South Africa’s Lottery Licence is Due to Eexpire in May 2025

August 16, 2023 | Government

Bidders must pay R55 000 for access to documents and data around the lottery

SOUTH AFRICA (August 16, 2023) — According to local media reports the current SA Lottery Licence operated by ITHUBA will expire in May 2025.

Ithuba has fended off challenges to its licence so far, but local media outlet ‘Head Topics‘ says that if history holds, there will be a new lottery operator in 2025, with changes to how the lotto runs. For half a year while Gidani’s predecessor and SA’s first operator, Uthingo, challenged being replaced. With every change of operator, the way the lottery runs and the secondary games around it have changed.

The news source reports Ithuba has indicated it hopes to be the first-ever operator to get a second term running the lottery, but Hosken Consolidated Investments (HCI) told shareholders it has already put together”an exciting bid“.

The scale of the opportunity the lottery represents has traditionally attracted a large number of interested parties, at least in the early stages of bidding, before significant investment is required,

And that investment is significant. One insider has estimated that putting together a full bid can easily cost at least R15 million, and during the previous adjudication process bidders were required to put up a performance bond of R125 million.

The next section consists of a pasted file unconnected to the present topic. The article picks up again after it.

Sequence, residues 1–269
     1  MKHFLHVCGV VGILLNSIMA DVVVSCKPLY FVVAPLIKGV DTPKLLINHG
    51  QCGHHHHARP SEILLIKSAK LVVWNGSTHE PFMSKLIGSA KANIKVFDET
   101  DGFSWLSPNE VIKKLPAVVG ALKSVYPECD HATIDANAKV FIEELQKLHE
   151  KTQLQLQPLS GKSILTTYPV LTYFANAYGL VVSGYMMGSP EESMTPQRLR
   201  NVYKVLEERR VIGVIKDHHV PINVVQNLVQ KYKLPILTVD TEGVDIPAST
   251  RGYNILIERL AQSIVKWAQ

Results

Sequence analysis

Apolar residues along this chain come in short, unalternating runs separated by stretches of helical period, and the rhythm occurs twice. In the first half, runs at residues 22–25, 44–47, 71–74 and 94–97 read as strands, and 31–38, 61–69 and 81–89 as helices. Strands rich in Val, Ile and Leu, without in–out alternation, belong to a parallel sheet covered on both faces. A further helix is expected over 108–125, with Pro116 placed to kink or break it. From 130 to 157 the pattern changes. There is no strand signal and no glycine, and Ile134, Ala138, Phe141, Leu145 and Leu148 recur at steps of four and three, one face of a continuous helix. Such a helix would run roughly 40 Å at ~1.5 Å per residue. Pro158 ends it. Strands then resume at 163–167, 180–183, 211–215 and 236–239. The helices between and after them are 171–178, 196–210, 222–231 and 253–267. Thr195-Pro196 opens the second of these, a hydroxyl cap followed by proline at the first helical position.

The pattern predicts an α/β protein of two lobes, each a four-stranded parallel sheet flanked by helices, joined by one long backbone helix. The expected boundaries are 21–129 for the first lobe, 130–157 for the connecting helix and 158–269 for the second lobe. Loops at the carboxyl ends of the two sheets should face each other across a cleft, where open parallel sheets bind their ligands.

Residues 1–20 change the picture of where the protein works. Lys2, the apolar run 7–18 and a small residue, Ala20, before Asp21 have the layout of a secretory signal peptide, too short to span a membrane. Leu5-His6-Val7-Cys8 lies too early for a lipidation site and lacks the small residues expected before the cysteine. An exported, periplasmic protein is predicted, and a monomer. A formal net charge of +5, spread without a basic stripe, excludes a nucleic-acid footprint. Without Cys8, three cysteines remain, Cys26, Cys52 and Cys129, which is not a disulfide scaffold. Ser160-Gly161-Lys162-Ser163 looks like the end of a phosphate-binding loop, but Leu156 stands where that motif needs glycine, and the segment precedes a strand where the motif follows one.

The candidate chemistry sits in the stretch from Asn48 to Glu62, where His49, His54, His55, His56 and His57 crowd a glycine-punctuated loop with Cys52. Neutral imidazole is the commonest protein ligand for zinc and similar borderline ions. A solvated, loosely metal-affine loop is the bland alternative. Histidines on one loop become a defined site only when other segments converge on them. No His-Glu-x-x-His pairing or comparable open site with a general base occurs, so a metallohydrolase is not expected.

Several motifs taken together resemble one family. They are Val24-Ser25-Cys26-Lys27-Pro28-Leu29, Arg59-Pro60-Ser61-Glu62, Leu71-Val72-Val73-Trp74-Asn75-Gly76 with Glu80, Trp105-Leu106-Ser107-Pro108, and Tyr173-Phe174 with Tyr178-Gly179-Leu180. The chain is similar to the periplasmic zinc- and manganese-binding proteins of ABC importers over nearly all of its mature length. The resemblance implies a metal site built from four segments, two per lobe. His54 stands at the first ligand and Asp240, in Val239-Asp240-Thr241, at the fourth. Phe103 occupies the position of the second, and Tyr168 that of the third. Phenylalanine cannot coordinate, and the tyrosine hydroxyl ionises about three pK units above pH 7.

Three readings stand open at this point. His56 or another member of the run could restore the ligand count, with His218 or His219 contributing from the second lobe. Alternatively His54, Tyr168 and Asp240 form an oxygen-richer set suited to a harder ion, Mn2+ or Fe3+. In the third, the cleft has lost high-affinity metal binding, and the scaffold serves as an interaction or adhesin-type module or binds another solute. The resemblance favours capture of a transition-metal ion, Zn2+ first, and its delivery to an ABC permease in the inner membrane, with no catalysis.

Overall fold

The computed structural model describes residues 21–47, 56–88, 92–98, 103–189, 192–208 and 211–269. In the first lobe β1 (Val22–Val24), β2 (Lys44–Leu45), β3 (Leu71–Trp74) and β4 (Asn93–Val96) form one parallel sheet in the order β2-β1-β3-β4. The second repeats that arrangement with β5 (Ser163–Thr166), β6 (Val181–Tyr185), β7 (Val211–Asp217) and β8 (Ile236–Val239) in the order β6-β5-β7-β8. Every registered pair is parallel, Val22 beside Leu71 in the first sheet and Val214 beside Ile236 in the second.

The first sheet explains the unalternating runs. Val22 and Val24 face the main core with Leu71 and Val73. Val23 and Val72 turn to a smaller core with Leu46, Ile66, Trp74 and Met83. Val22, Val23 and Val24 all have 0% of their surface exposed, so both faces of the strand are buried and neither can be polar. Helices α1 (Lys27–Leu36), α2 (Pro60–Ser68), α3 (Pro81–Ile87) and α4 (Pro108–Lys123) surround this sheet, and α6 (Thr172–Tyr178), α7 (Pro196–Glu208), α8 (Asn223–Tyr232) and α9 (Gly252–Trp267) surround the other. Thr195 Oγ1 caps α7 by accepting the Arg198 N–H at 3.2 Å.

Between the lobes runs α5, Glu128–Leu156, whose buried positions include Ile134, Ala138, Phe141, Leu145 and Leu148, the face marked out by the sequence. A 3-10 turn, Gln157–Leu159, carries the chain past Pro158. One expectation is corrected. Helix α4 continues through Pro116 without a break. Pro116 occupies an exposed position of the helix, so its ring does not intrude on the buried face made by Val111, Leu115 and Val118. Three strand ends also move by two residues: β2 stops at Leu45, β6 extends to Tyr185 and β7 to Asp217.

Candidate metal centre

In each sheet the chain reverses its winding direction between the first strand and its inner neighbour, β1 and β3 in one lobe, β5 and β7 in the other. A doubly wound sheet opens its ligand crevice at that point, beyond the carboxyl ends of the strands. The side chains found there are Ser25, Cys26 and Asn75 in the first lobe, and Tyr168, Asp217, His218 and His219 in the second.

The groups putting up that kind of money reconcile themselves with the possibility of further delays. Ithuba’s licence had been due to run only until May 2023, but was extended because, said the department of trade, industry and competition (dtic), of the exceptional circumstances Covid-19 represented.

As of last week, potential bidders are committed to a timeline that includes the end-August briefings, a deadline of 31 October to pay for access to the data around the lottery (R55 000), and the early-February deadline to submit bids.

However, all those dates are subject to representations and legal challenges and, having extended the current licence once already, it could be hard to argue against further extensions.

SOURCE: Head Topics.